Collins Aerospace announced their intentions to develop the world’s first 1MW electric aircraft motor. With a $50 million dollar investment towards an electric systems lab, named the “Grid”, in Illinois, Collins Aerospace looks to soon provide aircraft and eVTOL manufacturers with a practical and vastly more efficient electric drivetrain.

The Grid will be put to work on developing a working model for a fully electric aircraft motor capable of outputting 1MW. Based in Rockford, Illinois, the 25,000 square-foot facility is outfitted with 4 independent modular electric power systems that will be ready to go by 2021. Both Collins Aerospace and their holding company, United Technologies, have large expectations for this investment. According to Collins Aerospace CEO Kelly Ortberg, “Our internal UTC studies indicate that commercial electric and hybrid electric propulsion could reduce aircraft noise by up to 85 percent, can improve fuel consumption by up to 40 percent, can reduce carbon dioxide emissions by more than 20 percent and reduce airline operating and maintenance costs by up to 20 percent.”

To develop an electric engine that would be able to rival the power output of a generator in a Boeing 787, Collins Aerospace will begin with Project 804. Project 804 is Collins Aerospace’s first project, to develop a hybrid-electric flight demonstrator. Project 804 will use a Bombardier Dash-8 with a 2MW hybrid-electric powertrain. According to Ortberg, “The goal of Project 804, developed by the company’s advanced projects group, is to re-engine and fly a regional turboprop aircraft powered by a 2 megawatt-class hybrid-electric propulsion system on a highly aggressive timeline. The advanced projects group combines the engineering expertise and experience of Collins Aerospace, Pratt & Whitney and UTC’s research center.”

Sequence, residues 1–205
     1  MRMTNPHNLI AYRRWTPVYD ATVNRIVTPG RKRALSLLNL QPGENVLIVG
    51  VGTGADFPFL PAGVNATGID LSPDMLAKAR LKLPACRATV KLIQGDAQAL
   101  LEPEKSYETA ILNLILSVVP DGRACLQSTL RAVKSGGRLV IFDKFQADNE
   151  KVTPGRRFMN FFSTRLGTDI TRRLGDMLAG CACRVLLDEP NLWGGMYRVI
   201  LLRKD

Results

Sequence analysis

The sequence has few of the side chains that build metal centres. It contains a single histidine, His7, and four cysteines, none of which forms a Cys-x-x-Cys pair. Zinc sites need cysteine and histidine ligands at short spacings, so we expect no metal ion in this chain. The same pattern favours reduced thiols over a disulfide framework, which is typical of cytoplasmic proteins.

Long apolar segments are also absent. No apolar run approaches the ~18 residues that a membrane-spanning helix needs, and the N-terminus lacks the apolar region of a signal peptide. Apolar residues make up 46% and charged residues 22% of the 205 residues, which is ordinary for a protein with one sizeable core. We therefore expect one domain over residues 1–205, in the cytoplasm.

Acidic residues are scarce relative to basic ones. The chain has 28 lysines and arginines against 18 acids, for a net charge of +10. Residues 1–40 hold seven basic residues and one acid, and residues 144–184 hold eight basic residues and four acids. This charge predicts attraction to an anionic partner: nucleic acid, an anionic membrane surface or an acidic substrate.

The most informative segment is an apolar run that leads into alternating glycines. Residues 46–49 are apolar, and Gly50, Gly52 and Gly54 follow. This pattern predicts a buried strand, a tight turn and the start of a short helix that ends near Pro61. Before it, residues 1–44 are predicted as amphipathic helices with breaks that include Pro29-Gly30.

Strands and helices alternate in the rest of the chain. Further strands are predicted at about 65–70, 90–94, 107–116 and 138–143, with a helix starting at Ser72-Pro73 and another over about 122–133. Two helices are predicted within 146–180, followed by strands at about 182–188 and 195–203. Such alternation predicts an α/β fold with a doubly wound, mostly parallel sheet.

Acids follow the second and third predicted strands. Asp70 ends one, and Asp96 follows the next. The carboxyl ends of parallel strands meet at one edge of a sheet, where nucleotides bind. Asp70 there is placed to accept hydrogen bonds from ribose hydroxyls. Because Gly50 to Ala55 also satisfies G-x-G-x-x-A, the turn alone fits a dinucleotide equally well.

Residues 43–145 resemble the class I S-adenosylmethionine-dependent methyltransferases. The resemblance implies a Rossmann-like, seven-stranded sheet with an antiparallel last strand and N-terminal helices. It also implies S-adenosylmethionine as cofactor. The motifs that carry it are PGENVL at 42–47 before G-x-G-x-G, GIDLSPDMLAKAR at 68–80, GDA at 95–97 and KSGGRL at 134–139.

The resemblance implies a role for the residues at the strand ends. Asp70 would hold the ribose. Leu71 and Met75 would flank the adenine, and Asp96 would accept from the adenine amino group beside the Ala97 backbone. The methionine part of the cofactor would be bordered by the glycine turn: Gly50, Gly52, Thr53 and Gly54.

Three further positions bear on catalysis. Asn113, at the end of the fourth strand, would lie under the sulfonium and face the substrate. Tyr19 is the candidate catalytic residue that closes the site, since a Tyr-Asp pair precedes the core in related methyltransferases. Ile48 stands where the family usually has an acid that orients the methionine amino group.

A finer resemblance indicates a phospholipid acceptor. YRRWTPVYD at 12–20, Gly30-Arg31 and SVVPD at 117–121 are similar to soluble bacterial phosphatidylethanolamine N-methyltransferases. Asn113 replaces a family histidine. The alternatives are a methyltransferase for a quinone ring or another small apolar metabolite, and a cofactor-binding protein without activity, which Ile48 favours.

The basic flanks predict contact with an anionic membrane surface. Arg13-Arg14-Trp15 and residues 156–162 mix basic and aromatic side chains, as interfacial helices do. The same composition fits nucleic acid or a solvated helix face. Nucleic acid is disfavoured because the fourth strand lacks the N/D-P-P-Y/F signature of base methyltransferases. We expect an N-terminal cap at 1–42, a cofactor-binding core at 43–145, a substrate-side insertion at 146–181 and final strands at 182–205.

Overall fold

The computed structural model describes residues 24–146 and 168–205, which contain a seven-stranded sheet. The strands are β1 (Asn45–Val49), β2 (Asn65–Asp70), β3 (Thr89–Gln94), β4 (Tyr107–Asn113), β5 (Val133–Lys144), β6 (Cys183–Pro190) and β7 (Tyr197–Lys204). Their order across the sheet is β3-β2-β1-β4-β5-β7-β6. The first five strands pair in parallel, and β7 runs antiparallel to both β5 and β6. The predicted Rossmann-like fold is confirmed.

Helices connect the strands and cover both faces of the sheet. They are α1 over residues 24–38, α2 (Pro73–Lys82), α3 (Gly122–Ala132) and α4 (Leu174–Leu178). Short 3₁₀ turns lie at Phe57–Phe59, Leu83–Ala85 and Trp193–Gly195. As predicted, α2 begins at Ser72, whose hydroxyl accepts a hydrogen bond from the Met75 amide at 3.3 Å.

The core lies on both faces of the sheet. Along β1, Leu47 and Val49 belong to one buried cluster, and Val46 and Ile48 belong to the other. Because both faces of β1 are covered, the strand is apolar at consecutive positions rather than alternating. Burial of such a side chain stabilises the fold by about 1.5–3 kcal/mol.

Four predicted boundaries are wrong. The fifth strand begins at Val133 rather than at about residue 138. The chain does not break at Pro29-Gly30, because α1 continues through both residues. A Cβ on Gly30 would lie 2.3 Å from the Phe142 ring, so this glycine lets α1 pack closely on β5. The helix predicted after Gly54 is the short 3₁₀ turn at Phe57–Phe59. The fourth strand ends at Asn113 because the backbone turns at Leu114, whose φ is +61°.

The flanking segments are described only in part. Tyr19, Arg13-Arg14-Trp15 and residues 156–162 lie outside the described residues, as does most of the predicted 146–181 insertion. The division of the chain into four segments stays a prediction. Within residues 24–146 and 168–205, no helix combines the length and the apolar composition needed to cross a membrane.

More details on Project 804 can be found here

A render of the inside of the Grid

Why it’s important: Collins Aerospace will have a lot of work to do to create a practical, powerful electric drivetrain capable of meeting their goals. The electric motor will most likely need vast improvements in efficiency while maintaining practicality and safety standards. However, if this project does result with a working electric drivetrain capable of outputting 1MW, development and manufacturing off fully electric VTOLs as opposed to hybrid electric models for the UAM industry could happen within the next decade. 

Sources // Clean Technica

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Posted by Naish Gaubatz

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